Chinese New Year in Beijing

In 2008 we lived in Shanghai and had the amazing opportunity to stay in the city over the Spring Festival (the Chinese lunar New Year). Since so many migrant workers and others had fled the city for the holiday (which is akin to Thanksgiving where everyone goes to their home state for the festivities) we thought nothing big would happen. It was freezing, it was deserted, and we didn’t expect much.

In the end, nearly ever remaining resident in the city came outside at midnight to blow something up. There were fireworks covering every inch of the sky! Old ladies wheeled themselves outside in their wheelchairs to light off fireworks and then, giggling, rolled back inside. You could buy fireworks at the 7/11, you could buy them from old ladies with carts full, they were everywhere. At midnight on the first day of the new year, the city erupted and it seemed to linger in a state of haze and loud bangs for several days.

Now its the start of the Spring Festival 2011 and we are in Beijing. It is the year of the rabbit, and thus a fortuitous year for many. The festivities were to start on midnight of the 2nd of February, 2011. We had the same concerns as we did in Shanghai several years ago as we watched nearly every shop around our hutong home put up shutters and hang signs saying “will return on the 7th.” The city was growing empty, like the set of a zombie movie. The once busy streets were now barren save for a few random cars and the poor bus drivers, whose massive slug-like machines trolled the streets in vain for people.

It was hard to find fireworks in Beijing, at least compared to Shanghai where they were everywhere. Now there were well maintained booths with knowledgeable sales staff. Prices were printed on the fireworks and fire extinguishers lined the sidewalks behind the stalls. Something massive had changed since the haphazard array in 2008. We bought a bag full of random fireworks and, when the second of February arrived, we strolled down deserted streets with a lighter in one hand and a bag of fun in the other.

We wandered for a while, a small group of us with our bags of fun, before settling on Hou Hai Lake as our destination of choice. We set off a few simple fireworks with limited competition. The police watched but didn’t say anything, just leaning on their police cars watching the fireworks against the dark sky. At midnight, the story changed entirely. The city erupted in a magnanimous and otherworldly explosion that shook water out of the lake like nudging a cup of coffee too hard. Fireworks exploded from every corner of vision, and the booms were so close together that it was essential one giant BOOM for half an hour. We set off our remaining fireworks and walked around the lake, dodging fountains of fire, escalating rockets and other projectiles at high speeds. We saw a few small fires break out as piles of debris started to reach ankle level.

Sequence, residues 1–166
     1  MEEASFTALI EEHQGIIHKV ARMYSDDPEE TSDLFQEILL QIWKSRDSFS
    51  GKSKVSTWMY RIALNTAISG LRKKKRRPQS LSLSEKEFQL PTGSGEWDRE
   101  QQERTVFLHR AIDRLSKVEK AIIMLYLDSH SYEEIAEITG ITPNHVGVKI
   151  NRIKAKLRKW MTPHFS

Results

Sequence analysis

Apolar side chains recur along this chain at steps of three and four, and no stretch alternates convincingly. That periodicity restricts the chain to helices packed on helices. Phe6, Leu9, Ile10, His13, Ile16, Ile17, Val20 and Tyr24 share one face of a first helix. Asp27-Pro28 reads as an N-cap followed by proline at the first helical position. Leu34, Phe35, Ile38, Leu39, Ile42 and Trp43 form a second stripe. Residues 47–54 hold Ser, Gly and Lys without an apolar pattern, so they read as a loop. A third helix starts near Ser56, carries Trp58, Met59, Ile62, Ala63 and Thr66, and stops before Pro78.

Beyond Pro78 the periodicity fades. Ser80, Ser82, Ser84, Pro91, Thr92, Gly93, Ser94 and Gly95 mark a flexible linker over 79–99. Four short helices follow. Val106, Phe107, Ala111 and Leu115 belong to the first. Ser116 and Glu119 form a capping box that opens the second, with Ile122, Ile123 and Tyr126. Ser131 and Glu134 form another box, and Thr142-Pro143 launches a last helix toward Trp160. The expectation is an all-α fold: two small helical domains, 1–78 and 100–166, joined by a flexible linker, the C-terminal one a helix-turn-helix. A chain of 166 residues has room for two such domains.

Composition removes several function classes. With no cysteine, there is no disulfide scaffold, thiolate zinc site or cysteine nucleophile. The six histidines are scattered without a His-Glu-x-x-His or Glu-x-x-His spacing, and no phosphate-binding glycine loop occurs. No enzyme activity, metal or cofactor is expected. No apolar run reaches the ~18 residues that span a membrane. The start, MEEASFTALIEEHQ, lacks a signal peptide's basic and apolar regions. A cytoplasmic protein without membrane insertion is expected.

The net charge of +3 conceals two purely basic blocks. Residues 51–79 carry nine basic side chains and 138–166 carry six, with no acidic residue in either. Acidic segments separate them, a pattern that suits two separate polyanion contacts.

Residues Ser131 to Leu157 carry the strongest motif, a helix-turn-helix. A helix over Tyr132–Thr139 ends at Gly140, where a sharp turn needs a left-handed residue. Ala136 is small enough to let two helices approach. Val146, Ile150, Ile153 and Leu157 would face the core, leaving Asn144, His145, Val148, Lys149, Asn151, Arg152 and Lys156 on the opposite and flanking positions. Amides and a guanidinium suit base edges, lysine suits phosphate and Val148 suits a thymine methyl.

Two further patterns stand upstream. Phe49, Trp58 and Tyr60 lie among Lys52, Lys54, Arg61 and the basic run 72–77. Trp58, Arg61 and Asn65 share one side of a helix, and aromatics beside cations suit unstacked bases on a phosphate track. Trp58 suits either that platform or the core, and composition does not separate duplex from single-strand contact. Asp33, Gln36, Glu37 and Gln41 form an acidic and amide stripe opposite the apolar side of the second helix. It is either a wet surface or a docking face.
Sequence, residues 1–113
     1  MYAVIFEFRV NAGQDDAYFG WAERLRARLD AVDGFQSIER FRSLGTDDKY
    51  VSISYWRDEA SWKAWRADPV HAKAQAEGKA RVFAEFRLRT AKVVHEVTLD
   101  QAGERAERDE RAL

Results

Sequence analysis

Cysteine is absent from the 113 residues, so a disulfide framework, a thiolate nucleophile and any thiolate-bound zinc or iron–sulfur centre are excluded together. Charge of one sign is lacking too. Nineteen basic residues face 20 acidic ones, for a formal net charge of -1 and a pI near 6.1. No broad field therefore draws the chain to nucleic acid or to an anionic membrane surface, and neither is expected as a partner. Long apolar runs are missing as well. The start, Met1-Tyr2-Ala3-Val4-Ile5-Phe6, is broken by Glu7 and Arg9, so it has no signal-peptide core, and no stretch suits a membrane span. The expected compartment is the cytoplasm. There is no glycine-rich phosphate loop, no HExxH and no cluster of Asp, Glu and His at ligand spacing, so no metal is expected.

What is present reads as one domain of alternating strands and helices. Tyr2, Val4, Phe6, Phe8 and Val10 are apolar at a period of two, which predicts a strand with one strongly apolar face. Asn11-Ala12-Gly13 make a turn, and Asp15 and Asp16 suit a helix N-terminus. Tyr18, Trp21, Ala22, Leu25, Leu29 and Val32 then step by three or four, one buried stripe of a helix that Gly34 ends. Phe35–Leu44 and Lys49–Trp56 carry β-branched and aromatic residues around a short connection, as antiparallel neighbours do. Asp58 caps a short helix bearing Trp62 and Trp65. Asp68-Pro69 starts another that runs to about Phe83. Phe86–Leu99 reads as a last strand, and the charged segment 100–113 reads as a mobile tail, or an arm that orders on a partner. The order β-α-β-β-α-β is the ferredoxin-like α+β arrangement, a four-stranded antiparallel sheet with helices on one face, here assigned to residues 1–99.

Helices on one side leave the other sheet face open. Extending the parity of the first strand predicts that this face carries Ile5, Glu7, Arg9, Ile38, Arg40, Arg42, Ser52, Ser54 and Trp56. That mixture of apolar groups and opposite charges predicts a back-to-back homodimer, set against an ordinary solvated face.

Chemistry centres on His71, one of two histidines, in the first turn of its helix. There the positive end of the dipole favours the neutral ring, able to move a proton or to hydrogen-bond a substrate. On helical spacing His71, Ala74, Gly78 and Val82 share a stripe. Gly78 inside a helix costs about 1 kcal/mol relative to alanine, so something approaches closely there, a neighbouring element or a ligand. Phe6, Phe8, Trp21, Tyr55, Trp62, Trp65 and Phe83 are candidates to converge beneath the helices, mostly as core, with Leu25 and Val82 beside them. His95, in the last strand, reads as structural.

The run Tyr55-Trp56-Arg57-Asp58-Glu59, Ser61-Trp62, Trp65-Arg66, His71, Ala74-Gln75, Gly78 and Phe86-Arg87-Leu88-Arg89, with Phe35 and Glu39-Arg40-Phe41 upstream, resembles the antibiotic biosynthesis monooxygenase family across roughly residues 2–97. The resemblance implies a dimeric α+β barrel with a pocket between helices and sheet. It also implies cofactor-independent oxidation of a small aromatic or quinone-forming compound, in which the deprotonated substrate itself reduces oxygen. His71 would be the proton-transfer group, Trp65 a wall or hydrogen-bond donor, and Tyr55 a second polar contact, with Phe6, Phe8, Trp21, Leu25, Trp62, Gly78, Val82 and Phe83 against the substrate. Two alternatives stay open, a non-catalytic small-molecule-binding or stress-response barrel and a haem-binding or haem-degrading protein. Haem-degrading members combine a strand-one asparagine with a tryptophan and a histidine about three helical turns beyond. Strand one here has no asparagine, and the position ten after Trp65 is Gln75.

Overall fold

Around 1:00am we headed towards home on foot. Walking down the main street we passed a restaurant that must have had a very handsome year because they had a pile of debris that reached up to the doorway. The staff were pulling out huge boxes and stringing them together. For half an hour we watched with half a hundred others as they lit box after box of fireworks. These boxes cost around one hundred USD each and contain about 30-45 individual pipes and fireworks that, in the USA, would be large enough for a city-wide display. They went through about 20 boxes while we were there, and then they draped strings of smaller fireworks over ropes strung between trees and lit them simultaneously, creating so many flashes it felt like we were inside a video game.

This year I was prepared. In 2008 I had only my point and shoot. This time I didn’t bother with the camera at all but brought out the big guns- the video camera. I walked around and, by 2:00am, I had almost 45 minutes of fireworks shows on tape, including fireworks bouncing off cars, hitting apartment complexes and ricocheting off extremely old and valuable cultural structures.The video here is not mine, which I haven’t uploaded yet, but are a prime example of what we experienced.

The fireworks and shows will go from the 2nd of February at midnight until the middle of February, and as I type this, the explosions have not diminished by much.

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